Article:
Metropolitan Veterinary Hospital is one of the few referral hospitals in area with both on-site CT and MRI. In addition, MVH is well equipped with advanced neurosurgical instrumentation and a full electrodiagnostic suite. These technologies combined with the skill and expertise offered by Dr. Mauser (our board-certified neurologist) makes Metro a facility unparalleled in Ohio.
Ohio Veterinary Surgery and Neurology has been performing hip replacement surgery at Metropolitan Veterinary Hospital (MVH) since 2000. Since 2007, both cemented and cementless implants have been used with success.
By focusing solely on orthopedic surgery, Dr. Daye can offer arthroscopy, the most advance cruciate ligament repairs (TPLO, TTA), advanced surgical therapy of elbow and hip dysplasia (TPO, total hip replacement (cemented and cementless), sliding humeral osteotomy (SHO) for elbow arthritis, distal femoral osteotomy (DFO) for severe patellar luxations, and repair of simple to complex fractures and angular deformities. In addition, many closed/limited approach procedures can be performed using fluoroscopy.
Using the advanced technology available at MVH, Dr. Daye can diagnose and treat many shoulder, elbow, carpal, stifle, and hock conditions entirely arthroscopically. Sacroiliac luxations, coxofemoral luxations, ligament avulsions, and even spinal fractures can be treated through stab incisions using fluoroscopy, thereby minimizing patient discomfort and recuperation time.
Frequently Asked Post-Op Questions (FAQs)
Q: When will my pet have a bowel movement?
A: It is normal for your pet to have a bowel movement any time after surgery but it can be 3-5 days after surgery before a bowel movement is seen. This is due to a combination of fasting, anesthesia and medications that have been sent home with your pet. Please call our office if your pet is straining to defecate or if no bowel movement has been seen 5 days after surgery.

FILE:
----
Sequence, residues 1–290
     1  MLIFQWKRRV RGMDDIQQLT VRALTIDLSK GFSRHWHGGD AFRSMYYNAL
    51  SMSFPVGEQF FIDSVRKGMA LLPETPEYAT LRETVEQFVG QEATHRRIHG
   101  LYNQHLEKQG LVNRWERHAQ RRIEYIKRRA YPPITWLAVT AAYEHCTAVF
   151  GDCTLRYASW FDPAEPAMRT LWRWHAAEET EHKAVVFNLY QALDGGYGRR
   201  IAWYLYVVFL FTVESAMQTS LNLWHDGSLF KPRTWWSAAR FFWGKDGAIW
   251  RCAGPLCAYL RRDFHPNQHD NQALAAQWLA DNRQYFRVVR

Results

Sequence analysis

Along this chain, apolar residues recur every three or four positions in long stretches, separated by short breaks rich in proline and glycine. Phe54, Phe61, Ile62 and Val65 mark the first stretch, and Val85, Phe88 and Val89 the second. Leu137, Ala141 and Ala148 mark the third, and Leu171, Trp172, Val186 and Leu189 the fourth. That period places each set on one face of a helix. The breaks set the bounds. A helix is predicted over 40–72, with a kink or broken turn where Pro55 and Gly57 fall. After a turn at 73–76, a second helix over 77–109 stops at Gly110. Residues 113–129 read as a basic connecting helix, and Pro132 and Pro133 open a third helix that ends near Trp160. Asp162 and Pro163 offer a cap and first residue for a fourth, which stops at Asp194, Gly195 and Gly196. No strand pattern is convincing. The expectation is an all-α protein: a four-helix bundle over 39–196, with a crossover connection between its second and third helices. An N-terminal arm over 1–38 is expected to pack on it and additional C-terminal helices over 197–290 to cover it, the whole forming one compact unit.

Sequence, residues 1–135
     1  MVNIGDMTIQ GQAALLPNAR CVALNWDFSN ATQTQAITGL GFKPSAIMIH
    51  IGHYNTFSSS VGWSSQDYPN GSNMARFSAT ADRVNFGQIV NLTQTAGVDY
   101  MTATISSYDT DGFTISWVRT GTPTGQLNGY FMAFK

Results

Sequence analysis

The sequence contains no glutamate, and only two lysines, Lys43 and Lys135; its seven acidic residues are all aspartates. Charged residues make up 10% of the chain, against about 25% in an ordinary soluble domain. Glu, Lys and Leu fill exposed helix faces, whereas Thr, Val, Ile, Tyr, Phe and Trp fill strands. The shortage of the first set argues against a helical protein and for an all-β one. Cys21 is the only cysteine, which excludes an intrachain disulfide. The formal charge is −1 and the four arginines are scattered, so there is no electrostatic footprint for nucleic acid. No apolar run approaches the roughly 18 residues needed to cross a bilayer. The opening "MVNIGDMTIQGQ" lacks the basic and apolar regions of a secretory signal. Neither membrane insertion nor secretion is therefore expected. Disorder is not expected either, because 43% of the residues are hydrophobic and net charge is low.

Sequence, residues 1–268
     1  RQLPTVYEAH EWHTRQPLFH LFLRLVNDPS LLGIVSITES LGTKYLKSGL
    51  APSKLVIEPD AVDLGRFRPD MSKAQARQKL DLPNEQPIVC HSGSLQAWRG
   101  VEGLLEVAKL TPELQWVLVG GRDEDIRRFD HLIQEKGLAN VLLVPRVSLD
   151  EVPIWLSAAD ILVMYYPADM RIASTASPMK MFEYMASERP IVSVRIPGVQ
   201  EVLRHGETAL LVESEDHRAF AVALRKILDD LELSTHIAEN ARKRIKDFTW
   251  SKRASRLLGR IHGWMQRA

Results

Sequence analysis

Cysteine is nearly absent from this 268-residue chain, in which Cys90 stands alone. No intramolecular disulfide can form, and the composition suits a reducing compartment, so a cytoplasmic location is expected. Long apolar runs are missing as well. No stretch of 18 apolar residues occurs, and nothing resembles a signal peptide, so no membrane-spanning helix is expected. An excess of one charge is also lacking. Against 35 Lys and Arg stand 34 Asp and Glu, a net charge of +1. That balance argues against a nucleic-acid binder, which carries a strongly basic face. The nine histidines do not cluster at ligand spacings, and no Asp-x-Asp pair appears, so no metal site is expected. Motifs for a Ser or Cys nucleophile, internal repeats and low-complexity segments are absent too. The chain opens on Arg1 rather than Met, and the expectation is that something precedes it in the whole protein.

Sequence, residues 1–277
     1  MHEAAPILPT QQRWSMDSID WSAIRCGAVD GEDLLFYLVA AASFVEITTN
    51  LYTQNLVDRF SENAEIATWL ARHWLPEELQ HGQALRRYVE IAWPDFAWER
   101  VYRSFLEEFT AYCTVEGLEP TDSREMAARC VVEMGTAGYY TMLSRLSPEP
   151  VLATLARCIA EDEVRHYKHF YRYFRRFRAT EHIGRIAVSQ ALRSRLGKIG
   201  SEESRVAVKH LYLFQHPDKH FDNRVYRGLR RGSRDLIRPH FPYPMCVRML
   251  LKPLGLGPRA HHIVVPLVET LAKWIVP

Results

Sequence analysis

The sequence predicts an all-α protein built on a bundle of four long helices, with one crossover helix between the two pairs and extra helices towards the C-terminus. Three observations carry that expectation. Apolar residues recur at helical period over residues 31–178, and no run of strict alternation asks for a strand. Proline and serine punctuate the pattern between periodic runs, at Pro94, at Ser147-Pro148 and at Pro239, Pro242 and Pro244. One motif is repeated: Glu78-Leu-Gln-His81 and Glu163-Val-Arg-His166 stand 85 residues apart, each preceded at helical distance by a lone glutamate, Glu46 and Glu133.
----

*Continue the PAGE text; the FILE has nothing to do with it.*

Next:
Q: What if my pet has diarrhea?
A: Some diarrhea can be a common side effect for some pets due to the stress of surgery and the change in their daily routine. Please call our office if the diarrhea is lasting more than 48 hours after being home or if your pet seems to be having an excessive amount of diarrhea. Occasionally there can be a small amount of bright red blood in the diarrhea if you pet has been stressed, but again, please call our office if you think it is excessive or if you are concerned.
Q: What if my pet seems to be urinating large amounts often or leaking urine while resting?
A: You pet received a lot of IV fluids while in hospital. It can take 2-3 days for those to be flushed out of their system and things to return to normal. Also, some medications used during surgery can affect your pet’s ability to urinate normally for a couple days. Offer additional short walks and additional time outside to give them the opportunity to relieve themselves more frequently. Please call our office if you pet has not urinated at all in 24 hours or if you think they are straining to urinate.
Q: What do I do if my pet won’t take their medications?
A: Bread cream cheese, peanut butter or chicken meat balls are great at hiding medications. First offer them the treat without the pill, then hide pill in the next offering and lastly offer again without the medication. Pill Pockets™, which are sold at most pet stores, are another great way to hide medication and can be used similarly to the aforementioned treats.
Some pharmacy will provide gel caps. These can be used to hide your pet’s pill in. They mask the taste and your pet may take them better in treats than just the pill itself.
If your pet still doesn’t take the medication, a pill gun or pill stick can be used to push the pill to the back of the throat. Once the medication is there, remove the pill gun or stick and close your pet’s mouth. Rub their neck until they swallow. A small amount of water can also be syringed into their mouth to help them swallow.
If you continue to have difficulty getting your pet to take their medications, please call our office.